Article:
Thursday, March 17, 2016

If this is Thursday it must be postcards, 238

 Soissons Cathedral Basilica, Soissons, France, ca 1964

The black and white photograph on this 1964 postcard shows the Soissons Cathedral Basilica in Soissons, France.  Soissons is located on the Aisne River in northern France in the Picardy region.   One of the most ancient French towns, it is the see of an Roman Catholic diocese dating from about 300. 

This Gothic structure was begun in 1177 and completed in 1479.   The western tower, on the right, dates from the mid-13th century and is 216 feet or 66 meters high.  Looking at this postcard at first glance I thought it was Notre Dame in Paris but a closer inspection showed that it could not be.  It turns out that the tower at Soissons is an imitation of those of Notre Dame in Paris, see the 2012 pictures below for comparison.  Soissons has a rose window similar to those found in Notre Dame as well.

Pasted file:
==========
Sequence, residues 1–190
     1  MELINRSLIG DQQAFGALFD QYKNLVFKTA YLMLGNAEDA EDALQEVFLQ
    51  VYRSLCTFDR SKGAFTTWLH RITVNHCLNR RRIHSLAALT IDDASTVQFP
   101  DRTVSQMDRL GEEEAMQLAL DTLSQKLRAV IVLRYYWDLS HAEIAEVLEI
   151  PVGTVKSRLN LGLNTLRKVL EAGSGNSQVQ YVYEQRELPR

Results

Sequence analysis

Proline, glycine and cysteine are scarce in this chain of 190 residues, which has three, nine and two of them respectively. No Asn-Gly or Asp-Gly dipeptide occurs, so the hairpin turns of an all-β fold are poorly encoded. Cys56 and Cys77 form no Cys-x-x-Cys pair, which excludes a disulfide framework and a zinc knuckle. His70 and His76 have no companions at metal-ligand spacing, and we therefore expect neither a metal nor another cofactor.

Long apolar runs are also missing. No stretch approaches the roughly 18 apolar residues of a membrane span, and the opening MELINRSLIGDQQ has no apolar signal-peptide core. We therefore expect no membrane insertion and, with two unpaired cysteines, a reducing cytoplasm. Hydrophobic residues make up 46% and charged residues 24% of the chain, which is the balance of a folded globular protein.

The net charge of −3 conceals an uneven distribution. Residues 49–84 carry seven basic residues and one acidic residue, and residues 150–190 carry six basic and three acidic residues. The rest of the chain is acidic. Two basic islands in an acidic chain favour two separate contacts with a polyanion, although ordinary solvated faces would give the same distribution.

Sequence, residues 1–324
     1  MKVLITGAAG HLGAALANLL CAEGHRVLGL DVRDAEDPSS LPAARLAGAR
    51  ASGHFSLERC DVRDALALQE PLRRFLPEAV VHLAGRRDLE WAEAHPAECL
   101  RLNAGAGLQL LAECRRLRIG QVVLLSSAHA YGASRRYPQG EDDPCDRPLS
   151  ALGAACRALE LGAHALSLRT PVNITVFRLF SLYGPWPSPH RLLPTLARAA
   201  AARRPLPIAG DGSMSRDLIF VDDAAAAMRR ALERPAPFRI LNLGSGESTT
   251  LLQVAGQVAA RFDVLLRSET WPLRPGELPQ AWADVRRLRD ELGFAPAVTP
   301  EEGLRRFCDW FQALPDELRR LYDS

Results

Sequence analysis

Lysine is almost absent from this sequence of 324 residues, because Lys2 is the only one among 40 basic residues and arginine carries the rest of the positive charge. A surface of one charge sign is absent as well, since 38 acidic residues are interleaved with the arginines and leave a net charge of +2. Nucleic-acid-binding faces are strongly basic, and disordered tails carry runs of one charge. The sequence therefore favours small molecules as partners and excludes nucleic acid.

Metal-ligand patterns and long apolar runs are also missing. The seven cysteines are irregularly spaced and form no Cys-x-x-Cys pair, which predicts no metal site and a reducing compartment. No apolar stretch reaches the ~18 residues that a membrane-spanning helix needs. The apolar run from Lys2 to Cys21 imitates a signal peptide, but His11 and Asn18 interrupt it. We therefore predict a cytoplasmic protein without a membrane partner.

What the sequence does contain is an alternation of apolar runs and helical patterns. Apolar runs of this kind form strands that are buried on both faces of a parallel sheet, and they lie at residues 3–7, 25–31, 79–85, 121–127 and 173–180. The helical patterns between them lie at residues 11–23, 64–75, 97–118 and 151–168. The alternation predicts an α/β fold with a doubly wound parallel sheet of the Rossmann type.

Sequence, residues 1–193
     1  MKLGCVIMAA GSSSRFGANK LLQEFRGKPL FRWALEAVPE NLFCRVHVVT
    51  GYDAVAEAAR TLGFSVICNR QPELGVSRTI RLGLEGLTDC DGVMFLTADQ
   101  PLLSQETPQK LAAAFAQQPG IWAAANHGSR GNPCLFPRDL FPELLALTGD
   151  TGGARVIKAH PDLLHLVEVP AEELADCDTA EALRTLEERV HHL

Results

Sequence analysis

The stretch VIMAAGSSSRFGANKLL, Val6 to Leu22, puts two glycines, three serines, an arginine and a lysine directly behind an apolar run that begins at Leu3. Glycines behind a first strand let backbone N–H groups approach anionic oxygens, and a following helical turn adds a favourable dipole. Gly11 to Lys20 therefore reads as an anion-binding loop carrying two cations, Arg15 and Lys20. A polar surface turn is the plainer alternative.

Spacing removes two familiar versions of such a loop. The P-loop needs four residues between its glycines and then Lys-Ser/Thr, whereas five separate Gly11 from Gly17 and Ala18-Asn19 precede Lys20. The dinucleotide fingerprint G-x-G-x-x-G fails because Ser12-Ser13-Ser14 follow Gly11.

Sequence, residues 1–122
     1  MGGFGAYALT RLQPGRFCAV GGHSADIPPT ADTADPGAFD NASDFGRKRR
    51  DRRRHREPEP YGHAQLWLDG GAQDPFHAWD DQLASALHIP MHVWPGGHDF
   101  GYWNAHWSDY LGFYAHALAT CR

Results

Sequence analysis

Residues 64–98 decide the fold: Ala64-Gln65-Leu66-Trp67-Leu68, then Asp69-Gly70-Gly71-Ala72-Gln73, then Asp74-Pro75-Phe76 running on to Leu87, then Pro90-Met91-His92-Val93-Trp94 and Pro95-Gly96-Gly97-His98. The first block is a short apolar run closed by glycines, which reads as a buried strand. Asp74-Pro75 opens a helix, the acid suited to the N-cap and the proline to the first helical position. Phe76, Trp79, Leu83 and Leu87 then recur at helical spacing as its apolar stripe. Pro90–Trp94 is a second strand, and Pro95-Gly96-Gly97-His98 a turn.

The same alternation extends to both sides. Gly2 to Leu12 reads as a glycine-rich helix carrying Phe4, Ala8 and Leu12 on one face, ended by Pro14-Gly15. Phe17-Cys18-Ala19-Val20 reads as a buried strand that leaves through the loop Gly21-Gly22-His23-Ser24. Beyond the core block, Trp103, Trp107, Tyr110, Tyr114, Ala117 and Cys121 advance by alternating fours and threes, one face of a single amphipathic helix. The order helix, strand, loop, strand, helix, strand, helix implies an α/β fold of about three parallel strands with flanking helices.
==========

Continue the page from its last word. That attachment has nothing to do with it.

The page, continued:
Notre Dame, Paris, France, 2012

A matching tower on the other side was planned but never built.  During World War I the tower and nave were severely damaged.  Stained glass from the 13th century can still be found in the choir end of the cathedral.  There is also a 15th century tapestry with scenes from the life of the patron saints, Gervasius and Protasius.   Adoration of the Shepherds, a painting by Rubens hangs in the northern transept along with a Philippe de Champaigne painting.  Some of the glass windows from this cathedral are on permanent loan exhibited at the Walters Art Museum in Baltimore, Maryland and the Isabella Stewart Gardner Museum in Boston, Massachusetts. 

The stamp is also interesting. 

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